In the 2002 edition of the Ruban Granitier Breton (Tour of Brittany) Alberto Contador was ninth overall and the winner of the best young rider classification. Since then he hasn’t raced in this region of France… until this year’s Tour. The organiser of the race that’s contested each May, Christophe Fossani, visited the Saxo Bank-SunGard bus in Dinan (where the Tour of Brittany finished in 2002) to show Contador some photos of him in the early days of what has become a remarkable career. The Danish team invited him to be a guest in its second car in the convoy for the sixth stage.
The leaders are relishing the tailwind conditions. They have covered 49.4km in the first hour of racing in stage six.
There are five Europcar riders at the front of the bunch but it would be wrong to suggest that they are leading the chase. Instead they just roll along as other riders emerge near the front only to pull over to the side of the road and answer the call of nature. The bunch is 5’45" behind at the 44km mark.
The question we’re asking as part of a daily poll on the official site of the Tour de France relates to the points classification. We want to know: Do you believe that Philippe Gilbert can win the green jersey in 2011? Make sure you click the "yes" or "no" button and let us know your thoughts.
The peloton is 4’20" behind the escapees at the 40km mark. The average for the first hour is sure to be the fastest of the 2011 Tour...
The images of the stage are bound to be spectacular with the Mont-Saint-Michel abbey sure to feature. This is near the 49km mark of the stage today.
Anthony Roux (FDJ) is now the virtual leader of the general classification. His quintet is 3’30" ahead of the peloton. He started the stage ranked 50th overall, 2’25" behind Hushovd.
The peloton is racing along the coastline near the famous abbey of Mont-Saint-Michel. A stage of the 1990 Tour concluded there and the winner was Johan Museeuw (ahead of Guido Bontempi, Olaf Ludwig and Davis Phinney). This is the place with the small population that has hosted a stage finish of the Tour de France.
With the peloton at the 35km mark, it is 2’40" behind the five escapees.
There are now a number of riders in the peloton answer the call of nature. The next time check is likely to have Roux’s quintet well clear of the bunch.
The ever-aggressive Russian Katusha rider, Mikhail Ignatiev is one rider who recently attempted to bridge the gap to the five escapees but he has been chased down by the bunch.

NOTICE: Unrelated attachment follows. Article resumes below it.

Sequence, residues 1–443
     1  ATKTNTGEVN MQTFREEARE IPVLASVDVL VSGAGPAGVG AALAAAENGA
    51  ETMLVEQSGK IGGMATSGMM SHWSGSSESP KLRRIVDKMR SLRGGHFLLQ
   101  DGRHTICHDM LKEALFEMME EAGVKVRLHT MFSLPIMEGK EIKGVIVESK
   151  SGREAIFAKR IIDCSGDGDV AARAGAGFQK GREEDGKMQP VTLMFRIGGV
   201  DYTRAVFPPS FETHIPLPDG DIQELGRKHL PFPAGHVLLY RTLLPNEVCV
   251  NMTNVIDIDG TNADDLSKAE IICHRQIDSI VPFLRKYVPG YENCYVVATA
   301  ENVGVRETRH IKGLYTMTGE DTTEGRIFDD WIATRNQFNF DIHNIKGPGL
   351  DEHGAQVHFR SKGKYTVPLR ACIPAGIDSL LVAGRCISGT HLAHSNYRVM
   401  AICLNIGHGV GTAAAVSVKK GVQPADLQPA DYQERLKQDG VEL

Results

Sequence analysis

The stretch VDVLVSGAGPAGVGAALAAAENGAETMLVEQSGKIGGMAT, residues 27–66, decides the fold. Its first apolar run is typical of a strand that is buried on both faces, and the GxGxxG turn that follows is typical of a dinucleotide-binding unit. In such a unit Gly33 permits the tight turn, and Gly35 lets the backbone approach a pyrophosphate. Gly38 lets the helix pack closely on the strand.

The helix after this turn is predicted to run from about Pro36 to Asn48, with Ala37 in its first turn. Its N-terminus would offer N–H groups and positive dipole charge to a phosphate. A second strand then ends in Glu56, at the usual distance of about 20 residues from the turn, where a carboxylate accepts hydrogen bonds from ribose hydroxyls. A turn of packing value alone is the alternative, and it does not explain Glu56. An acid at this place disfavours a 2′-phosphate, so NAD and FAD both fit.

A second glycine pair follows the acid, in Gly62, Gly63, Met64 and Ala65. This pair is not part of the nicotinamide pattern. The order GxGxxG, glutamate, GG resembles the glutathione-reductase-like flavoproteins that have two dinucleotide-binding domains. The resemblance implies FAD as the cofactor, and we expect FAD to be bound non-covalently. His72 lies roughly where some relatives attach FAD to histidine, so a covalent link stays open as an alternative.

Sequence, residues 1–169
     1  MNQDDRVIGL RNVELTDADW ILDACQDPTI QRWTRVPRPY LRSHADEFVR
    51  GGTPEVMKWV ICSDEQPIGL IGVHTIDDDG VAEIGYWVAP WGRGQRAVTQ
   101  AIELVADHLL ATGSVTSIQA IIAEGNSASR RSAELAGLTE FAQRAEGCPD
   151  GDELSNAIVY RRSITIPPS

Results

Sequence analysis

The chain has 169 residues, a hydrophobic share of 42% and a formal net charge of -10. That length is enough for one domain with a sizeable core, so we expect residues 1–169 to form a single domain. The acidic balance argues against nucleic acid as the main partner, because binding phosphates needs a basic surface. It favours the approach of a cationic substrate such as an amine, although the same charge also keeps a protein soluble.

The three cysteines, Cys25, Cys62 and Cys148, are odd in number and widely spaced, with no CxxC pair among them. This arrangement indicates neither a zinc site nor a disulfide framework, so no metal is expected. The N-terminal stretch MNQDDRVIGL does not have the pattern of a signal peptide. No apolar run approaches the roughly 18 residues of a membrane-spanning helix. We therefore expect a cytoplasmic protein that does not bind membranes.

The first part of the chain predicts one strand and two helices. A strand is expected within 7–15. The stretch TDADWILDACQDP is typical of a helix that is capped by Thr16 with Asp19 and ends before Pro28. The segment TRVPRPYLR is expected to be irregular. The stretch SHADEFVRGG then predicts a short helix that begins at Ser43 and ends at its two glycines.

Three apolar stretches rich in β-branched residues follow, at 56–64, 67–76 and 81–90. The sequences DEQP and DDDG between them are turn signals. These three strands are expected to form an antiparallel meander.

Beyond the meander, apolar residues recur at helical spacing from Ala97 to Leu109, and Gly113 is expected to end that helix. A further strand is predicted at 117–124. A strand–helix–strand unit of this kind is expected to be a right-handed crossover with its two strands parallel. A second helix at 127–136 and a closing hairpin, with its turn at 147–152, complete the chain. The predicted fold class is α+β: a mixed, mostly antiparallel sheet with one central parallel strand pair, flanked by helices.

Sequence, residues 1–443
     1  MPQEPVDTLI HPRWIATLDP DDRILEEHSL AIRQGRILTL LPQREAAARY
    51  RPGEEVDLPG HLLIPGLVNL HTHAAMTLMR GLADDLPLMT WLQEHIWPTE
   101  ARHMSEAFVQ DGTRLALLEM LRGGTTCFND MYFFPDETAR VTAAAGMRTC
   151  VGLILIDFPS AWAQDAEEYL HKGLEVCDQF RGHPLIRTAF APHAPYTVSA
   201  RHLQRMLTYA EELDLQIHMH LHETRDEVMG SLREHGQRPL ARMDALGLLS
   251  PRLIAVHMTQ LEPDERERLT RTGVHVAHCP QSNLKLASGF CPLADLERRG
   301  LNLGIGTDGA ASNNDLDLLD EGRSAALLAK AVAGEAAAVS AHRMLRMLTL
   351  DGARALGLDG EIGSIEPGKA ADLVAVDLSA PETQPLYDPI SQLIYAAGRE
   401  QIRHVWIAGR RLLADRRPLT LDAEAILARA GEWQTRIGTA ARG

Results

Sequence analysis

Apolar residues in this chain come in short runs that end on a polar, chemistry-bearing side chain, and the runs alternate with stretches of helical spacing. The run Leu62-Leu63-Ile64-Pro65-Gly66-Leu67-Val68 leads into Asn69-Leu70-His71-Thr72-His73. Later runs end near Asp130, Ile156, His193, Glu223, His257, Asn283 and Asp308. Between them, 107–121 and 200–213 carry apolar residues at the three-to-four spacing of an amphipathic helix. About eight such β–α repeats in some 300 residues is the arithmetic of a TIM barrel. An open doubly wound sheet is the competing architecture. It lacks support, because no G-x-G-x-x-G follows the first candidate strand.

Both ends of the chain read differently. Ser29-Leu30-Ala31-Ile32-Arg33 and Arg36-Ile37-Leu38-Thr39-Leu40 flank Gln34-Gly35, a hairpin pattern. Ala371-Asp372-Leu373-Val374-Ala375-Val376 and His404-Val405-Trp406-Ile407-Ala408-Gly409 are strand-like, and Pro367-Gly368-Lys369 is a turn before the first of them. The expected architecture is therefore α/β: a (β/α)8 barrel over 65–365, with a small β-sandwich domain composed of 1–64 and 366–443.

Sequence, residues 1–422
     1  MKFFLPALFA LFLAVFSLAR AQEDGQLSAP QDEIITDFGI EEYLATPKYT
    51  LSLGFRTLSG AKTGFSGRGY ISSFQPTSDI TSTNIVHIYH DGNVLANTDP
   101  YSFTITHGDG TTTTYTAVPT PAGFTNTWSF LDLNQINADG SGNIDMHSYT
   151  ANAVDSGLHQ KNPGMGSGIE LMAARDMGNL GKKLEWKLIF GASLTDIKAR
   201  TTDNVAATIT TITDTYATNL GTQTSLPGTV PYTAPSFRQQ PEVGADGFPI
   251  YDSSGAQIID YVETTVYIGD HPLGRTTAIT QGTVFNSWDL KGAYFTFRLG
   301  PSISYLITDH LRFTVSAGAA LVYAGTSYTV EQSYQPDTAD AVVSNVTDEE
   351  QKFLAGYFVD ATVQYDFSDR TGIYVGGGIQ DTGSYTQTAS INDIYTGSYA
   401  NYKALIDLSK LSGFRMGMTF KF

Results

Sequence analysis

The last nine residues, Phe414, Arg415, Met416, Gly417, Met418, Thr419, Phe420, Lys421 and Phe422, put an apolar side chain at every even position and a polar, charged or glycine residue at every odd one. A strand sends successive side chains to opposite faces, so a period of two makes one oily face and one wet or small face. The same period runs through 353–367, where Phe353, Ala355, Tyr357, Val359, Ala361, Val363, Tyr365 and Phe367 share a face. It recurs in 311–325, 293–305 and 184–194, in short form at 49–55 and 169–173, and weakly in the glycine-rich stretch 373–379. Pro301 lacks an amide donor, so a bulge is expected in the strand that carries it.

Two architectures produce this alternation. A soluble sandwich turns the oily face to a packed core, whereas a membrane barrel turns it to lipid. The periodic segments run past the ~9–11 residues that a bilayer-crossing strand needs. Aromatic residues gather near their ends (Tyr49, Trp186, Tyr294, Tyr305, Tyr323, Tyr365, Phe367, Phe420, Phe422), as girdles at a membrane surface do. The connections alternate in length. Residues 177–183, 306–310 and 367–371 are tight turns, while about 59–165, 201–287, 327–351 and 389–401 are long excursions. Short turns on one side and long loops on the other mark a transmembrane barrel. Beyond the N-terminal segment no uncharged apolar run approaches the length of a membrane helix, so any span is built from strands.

There are now five men ahead of the peloton that’s now at the 29km mark. The escapees, and their position on the GC after five stages are:
Anthony Roux (FRA) FDJ - 50th overall (at 2’25")
Leonardo Duque (COL) COF - 92nd overall (at 5’07")
Johnny Hoogerland (NED) VCD - 94th overall (at 5’31")
Adriano Malori (ITA) LAM - 101st overall (at 6’26")
Lieuwe Westra (NED) VCD - 160th overall (at 12’12")
Pineau (QST) and Izagirre (EUS) are the latest to try and break free of the peloton. They are 13" ahead of the bunch at the 26km mark. The first at the front of the stage have a lead of 1’03".
Four men, including Chavanel (QST) have attempted to escape the peloton but the bunch is having none of their antics and are speeding up to try and limit the gains of the new French champion and his three companions...
The peloton is 55" behind the five escapees at the 23km mark.
The one intermediate sprint - offering points for the green jersey - is at the 131km mark of today’s stage in Vassy.
The sixth stage features three categorized climbs: the cat-3 Cote de Saint-Michel-de-Montjoie (offering two and one points for the first two over the top, at 99.5km) the cat-3 Cote du Bourg-d’Oilly (at 156.5km), and the cat-4 Cote du Billot (at 197km).
Roux, Duque, Malori, Westra and Hoogerland are the only riders ahead of the peloton at the 19km mark. Both Roelandts and Jeandesboz have been caught by the bunch.
With the peloton 1’15" at the 18km mark, Gilbert (OLO) has called for the team car.
At the 15km mark, this is the situation: Roux (FDJ), Malori (LAM), Duque (COF), Westra and Hoogerland (VCD) lead Jeandesboz (SAU) and Roelandts (OLO) by 50". The peloton is at 1’15".
The five stage leaders have an advantage of 1’00" on the peloton. In between the Roux group and the main pack are two men: Roelandts (OLO) and Jeandesboz (SAU).
There are now five men in the lead of the sixth stage. They are:
Westra (VCD) Roelandts (OLO) attempted to chase down these riders but he’s since been caught by the peloton.
The peloton is now 30" behind the stage leaders at the 12km mark.
The escape today was established in pairs: first came Westra (VCD) and Roux (FDJ) - at the 5km mark. They were joined by Hoogerland (VCD) and Roelandts at 6km. And they’re about to be joined by the third pair - Duque (COF) and Malori (LAM).